Glutamic acid decarboxylase 67 expression by a distinct population of mouse vestibular supporting cells.

Tavazzani E, Tritto S, Spaiardi P, Botta L, Manca M, Prigioni I, Masetto S, Russo G - Front Cell Neurosci (2014)

GAD67 expression in longitudinal slices of the mouse vertical crista. (A) Schematic representation showing the plane of the slice. Note that the section is not through the center of the crista (i.e., it is not a medial section). (B) Merged photomicrograph showing the expression of GAD67. Note the absence of GAD67 expression in the E.C. (white arrow). (C) Enlargement of a portion of the same image as in (B), showing in better detail the shape and position of the cells expressing GAD67. The white arrow points at the nuclear region of a supporting cell. The red arrow points at a nucleus of a hair cell.
© Copyright Policy - open-access
Related In: Results  -  Collection

License
Show All Figures
getmorefigures.php?uid=PMC4269132&req=5

Figure 4: GAD67 expression in longitudinal slices of the mouse vertical crista. (A) Schematic representation showing the plane of the slice. Note that the section is not through the center of the crista (i.e., it is not a medial section). (B) Merged photomicrograph showing the expression of GAD67. Note the absence of GAD67 expression in the E.C. (white arrow). (C) Enlargement of a portion of the same image as in (B), showing in better detail the shape and position of the cells expressing GAD67. The white arrow points at the nuclear region of a supporting cell. The red arrow points at a nucleus of a hair cell.
Mentions: Figure 2B shows a representative photomicrograph of an upper section of the slice cut as shown in Figure 2A. Here and in the next images cell nuclei are labeled with DAPI (blue). Note that GAD67 (Figure 2C, green) is expressed in the peripheral zone (P.Z.) of the crista, whereas no staining is present in the central zone (C.Z.) nor in the E.C. Merge of Figures 2B,C is shown in Figure 2D. Most cells at this section level are cut transversally. Figure 2E shows a photomicrograph of a lower section of the same specimen. Note that, despite the impression that stained cells are now dispersed throughout the crista, because of the complex crista morphology as discussed above, they are actually located in the P.Z. only. To confirm this, we also performed transverse and longitudinal slices. Figure 3 shows two representative transverse sections from a same vertical crista. Consistent with the previous images, GAD67 expression was not detectable in the C.Z. (Figure 3C) and in the E.C. (Figure 3D). At this magnification the shape and location of the GAD67-positive cells is also clear and typical of supporting cells—see also Figure 4C below. Note in fact their small nuclear regions (red arrowheads), which are aligned and in contact with the basement membrane, and their thin, thread-like bodies running in-between the sensory cells prior to enlarge at the apical (luminal) surface. In contrast, the nuclei of sensory hair cells (yellow arrowheads) occupy the upper layer and are slightly staggered to form a pseudostratified epithelium.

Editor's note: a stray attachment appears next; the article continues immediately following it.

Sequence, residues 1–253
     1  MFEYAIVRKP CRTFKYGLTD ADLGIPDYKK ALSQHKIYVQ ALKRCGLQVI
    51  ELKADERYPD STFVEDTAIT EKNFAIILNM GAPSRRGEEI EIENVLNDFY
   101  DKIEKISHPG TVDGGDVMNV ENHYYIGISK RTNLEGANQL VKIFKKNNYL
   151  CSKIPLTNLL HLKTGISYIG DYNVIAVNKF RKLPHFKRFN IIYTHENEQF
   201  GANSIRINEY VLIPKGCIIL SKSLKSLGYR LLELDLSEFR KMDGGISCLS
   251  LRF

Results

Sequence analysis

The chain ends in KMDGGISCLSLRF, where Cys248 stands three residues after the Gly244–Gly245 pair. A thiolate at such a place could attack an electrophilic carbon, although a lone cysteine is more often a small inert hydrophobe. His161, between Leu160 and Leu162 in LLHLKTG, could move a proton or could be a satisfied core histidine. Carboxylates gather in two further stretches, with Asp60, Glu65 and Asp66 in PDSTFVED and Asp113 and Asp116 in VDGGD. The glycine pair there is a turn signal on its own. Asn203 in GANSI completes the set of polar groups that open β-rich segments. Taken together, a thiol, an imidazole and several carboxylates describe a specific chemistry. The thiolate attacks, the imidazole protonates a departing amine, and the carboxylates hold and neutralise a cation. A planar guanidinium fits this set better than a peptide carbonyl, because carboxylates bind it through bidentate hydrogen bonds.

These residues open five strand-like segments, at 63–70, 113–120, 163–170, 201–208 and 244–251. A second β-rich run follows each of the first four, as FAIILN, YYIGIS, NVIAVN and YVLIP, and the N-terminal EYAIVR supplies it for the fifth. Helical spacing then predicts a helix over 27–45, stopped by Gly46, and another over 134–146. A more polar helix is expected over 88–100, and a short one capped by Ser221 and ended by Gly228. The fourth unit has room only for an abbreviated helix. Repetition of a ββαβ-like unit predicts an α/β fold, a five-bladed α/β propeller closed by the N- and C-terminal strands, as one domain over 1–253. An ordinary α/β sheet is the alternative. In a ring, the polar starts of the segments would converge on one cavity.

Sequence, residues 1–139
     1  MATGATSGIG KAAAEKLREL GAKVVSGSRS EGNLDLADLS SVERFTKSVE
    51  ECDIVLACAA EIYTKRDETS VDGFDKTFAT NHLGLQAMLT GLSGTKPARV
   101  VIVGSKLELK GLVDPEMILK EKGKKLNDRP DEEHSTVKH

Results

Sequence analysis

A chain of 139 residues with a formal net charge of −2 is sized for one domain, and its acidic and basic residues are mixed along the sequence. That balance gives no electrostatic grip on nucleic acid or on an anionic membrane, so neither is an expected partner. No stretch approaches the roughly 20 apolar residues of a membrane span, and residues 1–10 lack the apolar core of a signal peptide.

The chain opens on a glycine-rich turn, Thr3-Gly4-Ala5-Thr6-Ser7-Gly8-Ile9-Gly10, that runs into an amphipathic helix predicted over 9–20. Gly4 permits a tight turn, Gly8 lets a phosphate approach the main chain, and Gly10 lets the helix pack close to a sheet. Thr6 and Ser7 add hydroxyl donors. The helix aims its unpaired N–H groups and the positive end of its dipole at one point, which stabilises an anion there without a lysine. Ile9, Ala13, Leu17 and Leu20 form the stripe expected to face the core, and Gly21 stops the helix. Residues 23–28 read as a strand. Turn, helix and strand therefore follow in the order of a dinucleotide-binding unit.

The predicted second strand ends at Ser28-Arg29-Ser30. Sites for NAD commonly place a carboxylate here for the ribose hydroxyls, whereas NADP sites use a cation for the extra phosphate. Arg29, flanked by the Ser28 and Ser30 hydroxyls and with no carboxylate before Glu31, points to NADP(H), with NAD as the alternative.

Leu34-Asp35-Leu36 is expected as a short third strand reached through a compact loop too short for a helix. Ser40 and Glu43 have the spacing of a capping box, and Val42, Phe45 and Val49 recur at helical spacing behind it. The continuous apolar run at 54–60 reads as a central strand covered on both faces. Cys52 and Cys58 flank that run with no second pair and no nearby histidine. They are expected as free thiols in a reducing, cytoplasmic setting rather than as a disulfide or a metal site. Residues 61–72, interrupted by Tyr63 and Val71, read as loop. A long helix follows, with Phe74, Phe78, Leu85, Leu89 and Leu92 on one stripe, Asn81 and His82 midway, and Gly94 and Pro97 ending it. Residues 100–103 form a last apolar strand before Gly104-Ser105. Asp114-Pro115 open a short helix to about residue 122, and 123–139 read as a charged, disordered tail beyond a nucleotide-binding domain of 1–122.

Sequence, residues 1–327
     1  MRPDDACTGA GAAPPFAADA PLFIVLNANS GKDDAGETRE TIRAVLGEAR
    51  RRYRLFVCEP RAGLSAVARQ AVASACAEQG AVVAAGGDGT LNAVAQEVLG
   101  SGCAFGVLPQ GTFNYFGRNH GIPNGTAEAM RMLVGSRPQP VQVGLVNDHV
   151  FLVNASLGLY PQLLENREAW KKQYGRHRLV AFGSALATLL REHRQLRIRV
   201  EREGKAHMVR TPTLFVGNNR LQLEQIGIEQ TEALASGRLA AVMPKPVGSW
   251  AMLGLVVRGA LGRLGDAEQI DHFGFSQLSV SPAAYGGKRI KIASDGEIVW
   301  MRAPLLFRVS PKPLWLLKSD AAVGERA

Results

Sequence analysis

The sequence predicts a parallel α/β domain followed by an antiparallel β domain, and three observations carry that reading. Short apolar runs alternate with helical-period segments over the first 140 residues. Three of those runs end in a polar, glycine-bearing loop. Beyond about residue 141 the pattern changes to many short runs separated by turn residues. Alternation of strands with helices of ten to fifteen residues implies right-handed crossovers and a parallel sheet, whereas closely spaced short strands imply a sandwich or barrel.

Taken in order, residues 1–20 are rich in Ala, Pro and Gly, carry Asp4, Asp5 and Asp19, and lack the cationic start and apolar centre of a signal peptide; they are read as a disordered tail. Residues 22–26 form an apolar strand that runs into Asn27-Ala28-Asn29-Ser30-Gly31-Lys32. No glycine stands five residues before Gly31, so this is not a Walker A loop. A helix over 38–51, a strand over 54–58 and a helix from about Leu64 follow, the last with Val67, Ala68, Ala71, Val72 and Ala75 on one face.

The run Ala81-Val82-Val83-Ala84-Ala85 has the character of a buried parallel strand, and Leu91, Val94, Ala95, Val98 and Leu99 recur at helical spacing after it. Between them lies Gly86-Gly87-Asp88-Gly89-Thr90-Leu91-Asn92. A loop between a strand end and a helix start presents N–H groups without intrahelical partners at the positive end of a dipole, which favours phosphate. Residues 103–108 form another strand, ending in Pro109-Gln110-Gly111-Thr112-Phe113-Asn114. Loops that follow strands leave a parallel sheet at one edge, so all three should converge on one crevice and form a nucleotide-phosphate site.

Bottom Line: While no evidence for GAD65 expression was found, GAD67 was detected in a distinct population of peripherally-located supporting cells, but not in hair cells or in centrally-located supporting cells.GABA, on the other hand, was found in all supporting cells.The present result indicate that only a discrete population of supporting cells use GAD67 to synthesize GABA.

View Article: PubMed Central - PubMed

Affiliation: Department of Brain and Behavioral Sciences, University of Pavia Pavia, Italy.

ABSTRACT
The function of the enzyme glutamate decarboxylase (GAD) is to convert glutamate in γ-aminobutyric acid (GABA). Glutamate decarboxylase exists as two major isoforms, termed GAD65 and GAD67, that are usually expressed in GABA-containing neurons in the central nervous system. GAD65 has been proposed to be associated with GABA exocytosis whereas GAD67 with GABA metabolism. In the present immunofluorescence study, we have investigated the presence of the two GAD isoforms in the semicircular canal cristae of wild type and GAD67-GFP knock-in mice. While no evidence for GAD65 expression was found, GAD67 was detected in a distinct population of peripherally-located supporting cells, but not in hair cells or in centrally-located supporting cells. GABA, on the other hand, was found in all supporting cells. The present result indicate that only a discrete population of supporting cells use GAD67 to synthesize GABA. This is the first report of a marker that allows to distinguish two populations of supporting cells in the vestibular epithelium. On the other hand, the lack of GABA and GAD enzymes in hair cells excludes its involvement in afferent transmission.

No MeSH data available.


Related in: MedlinePlus